GECKO, the common name applied to all the species of the burg. Subsequently he held other positions at Strassburg, Geckones, one of the three sub-orders of the Lacertilia. The Cologne and Augsburg, and in December 1577 was chosen elector geckoes are small creatures, seldom exceeding 8 in. in length of Cologne after a spirited contest. Gebhard is chiefly noted for including the tail. With the head considerably flattened, the his conversion to the reformed doctrines, and for his marriage body short and thick, the legs not high enough to prevent the with Agnes, countess of Mansfeld, which was connected with this body dragging somewhat on the ground, the eyes large and almost step. After living in concubinage with Agnes he decided, perhaps destitute of eyelids, and the tail short and in some cases nearly as under compulsion, to marry her, doubtless intending at the same thick as the body, the geckoes altogether lack the litheness and time to resign his see. Other counsels, however, prevailed. grace characteristic of most lizards. Their colours also are dull, Instigated by some Protestant supporters he declared he would retain the electorate,and in December 1582 he formally announced his conversion to the reformed faith. The marriage with Agnes was celebrated in the following February, and Gebhard remained in possession of the see. This affair created a great stir in Germany, and the clause concerning ecclesiastical reservation in the religious peace of Augsburg was interpreted in one way by his friends, and in another way by his foes; the former holding that he could retain his office, the latter that he must resign. Anticipating events Gebhard had collected some troops, and had taken measures to convert his subjects to Protestantism. In April 1583 he was deposed and excommunicated by Pope Gregory XIII.; a Bavarian prince, Ernest, bishop of Liége, Freising and Hildesheim, was chosen elector, and war broke out between the rivals. The cautious Lutheran princes of Germany, especially Augustus I., elector of Saxony, were not enthusiastic in support of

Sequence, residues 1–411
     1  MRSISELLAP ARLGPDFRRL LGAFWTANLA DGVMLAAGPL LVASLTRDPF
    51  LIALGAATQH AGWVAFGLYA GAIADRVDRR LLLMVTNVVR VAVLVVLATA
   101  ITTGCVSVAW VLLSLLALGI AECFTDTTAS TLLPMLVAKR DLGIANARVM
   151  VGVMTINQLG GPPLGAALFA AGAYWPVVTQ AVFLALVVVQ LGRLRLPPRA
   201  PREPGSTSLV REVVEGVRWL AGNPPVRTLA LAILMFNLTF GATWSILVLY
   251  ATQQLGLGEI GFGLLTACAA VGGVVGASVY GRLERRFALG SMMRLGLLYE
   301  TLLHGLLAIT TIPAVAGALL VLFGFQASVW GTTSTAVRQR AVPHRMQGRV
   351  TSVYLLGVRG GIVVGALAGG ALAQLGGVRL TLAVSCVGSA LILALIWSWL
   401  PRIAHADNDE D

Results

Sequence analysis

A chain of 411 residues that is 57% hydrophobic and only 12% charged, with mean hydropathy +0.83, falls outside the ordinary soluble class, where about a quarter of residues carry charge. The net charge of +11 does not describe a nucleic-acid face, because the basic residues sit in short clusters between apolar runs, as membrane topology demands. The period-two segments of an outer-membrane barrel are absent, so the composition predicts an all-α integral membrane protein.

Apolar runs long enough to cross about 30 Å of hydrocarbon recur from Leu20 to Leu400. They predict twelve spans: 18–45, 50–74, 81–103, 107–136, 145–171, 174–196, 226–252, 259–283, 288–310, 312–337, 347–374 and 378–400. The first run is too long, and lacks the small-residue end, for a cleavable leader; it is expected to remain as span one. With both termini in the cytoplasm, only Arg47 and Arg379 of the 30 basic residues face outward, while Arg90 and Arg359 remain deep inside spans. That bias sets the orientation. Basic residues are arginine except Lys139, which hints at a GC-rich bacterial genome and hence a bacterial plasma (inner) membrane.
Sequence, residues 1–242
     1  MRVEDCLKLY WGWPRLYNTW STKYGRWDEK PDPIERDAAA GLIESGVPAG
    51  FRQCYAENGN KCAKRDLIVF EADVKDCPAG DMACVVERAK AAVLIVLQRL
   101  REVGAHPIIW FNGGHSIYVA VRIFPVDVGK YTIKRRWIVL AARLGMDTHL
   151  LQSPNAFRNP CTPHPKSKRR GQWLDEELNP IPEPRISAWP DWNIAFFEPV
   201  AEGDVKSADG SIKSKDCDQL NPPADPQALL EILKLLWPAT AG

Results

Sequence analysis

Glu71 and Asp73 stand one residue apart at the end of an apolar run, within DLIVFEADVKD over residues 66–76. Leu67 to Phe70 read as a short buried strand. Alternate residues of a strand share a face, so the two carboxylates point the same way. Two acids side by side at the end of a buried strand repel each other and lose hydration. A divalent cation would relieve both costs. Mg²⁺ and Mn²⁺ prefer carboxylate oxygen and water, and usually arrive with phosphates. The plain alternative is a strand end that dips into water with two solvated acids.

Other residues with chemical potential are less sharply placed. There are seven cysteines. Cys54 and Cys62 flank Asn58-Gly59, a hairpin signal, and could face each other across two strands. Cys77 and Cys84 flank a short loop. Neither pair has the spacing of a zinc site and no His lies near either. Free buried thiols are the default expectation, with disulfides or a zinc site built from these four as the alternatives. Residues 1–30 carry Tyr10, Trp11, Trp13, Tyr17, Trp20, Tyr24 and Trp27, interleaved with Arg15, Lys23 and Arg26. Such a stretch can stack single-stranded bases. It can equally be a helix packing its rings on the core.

Leal-tailed Gecko (Gymnodactylus platurus) of Australia. Gebhard, whose friendly relations with the Calvinists were not to their liking; and although Henry of Navarre, afterwards Henry and to the weird and forbidding aspect thus produced the general IV. of France, tried to form a coalition to aid the deposed elector, prejudice against those creatures in the countries where they the only assistance which he obtained came from John Casimir,occur, which has led to their being classed with toads and administrator of the Palatinate of the Rhine. The inhabitants of snakes, is no doubi to be attributed. Their bite was supposed the electorate were about equally divided on the question, and